Water Treatment Plant
Tony Kimberlin, Superintendent
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Address: P.O. Box 631
Clifton Forge, VA 24422
Clifton Forge Water Treatment Plant (WTP)
Located in the heart of George Washington National Forest the Town of Clifton Forge water system delivers potable water to over 8,000 people. Smith Creek, a spring fed mountain stream with no upstream population, industry or agriculture serves as the water treatment plants raw water source. It’s pristine waters also offer excellent year round trout fishing both above and below the water plant.
Construction of the Clifton Forge WTP began in mid 1958 and the plant went online January 2nd 1960. Prior to 1960 operations were conducted from a small “shack” overlooking Smith Creek. Disinfection using chlorine gas was the sole treatment process and the water was piped directly to consumers in Clifton Forge and Alleghany County. Storage was limited to two storage tanks located at opposite ends of the Town.
The current plant is a conventional surface water plant designed to treat up to 3.0 million gallons per day. The plant’s safe yield is estimated to be 2.2 MGD with actual usage rarely exceeding 1.1 MGD. Therefore an abundant amount of water is available for growth and industry.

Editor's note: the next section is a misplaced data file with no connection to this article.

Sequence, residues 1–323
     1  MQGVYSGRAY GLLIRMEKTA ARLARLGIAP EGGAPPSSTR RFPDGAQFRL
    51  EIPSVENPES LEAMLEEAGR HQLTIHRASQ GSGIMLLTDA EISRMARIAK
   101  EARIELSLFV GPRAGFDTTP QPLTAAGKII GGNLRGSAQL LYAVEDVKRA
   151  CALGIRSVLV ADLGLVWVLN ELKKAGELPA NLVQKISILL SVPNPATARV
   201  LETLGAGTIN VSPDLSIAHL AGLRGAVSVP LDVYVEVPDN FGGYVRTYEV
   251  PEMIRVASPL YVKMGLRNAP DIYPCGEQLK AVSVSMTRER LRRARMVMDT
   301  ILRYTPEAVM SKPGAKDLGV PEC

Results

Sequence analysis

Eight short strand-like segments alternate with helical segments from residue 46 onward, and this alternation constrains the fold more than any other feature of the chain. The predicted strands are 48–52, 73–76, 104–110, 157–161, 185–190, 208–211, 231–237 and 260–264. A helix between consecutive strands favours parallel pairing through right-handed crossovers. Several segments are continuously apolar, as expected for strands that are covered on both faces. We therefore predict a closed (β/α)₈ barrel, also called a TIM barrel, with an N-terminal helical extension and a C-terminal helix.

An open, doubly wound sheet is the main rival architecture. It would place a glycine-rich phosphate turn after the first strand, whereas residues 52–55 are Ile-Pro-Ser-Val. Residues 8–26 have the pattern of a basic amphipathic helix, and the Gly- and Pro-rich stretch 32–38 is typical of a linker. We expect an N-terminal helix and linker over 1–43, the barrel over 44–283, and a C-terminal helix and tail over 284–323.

All homes, businesses and public buildings within Clifton Forge obtain potable water from our plant. Parts of Alleghany, Bath and Botetourt County are served by our water plant as well including the communities of Iron Gate, Selma, Low Moor, Cliftondale Park and Douthat State Park. The water treatment plant obtains its raw water from any of three separate intakes located on 3 separate inline reservoirs. Each reservoir has its own dam along with its own intakes allowing their use separately or in tandem.
The water plant currently utilizes both flash and rapid mix flocculation, sedimentation and filtration in our treatment process. Chemicals used include chlorine, PAC, sodium bicarbonate polymers and fluoride.
The Town’s distribution system employs miles of piping with varying diameters. Two separate pumping stations are currently in service along with six potable water tanks. This offsite storage offers over 1.5 million gallons of available water when filled to capacity.
The plant which was named Virginia Water System of the Year in 1999 is staffed by five full-time operators four of whom possess Class 1 Virginia State Water Licenses.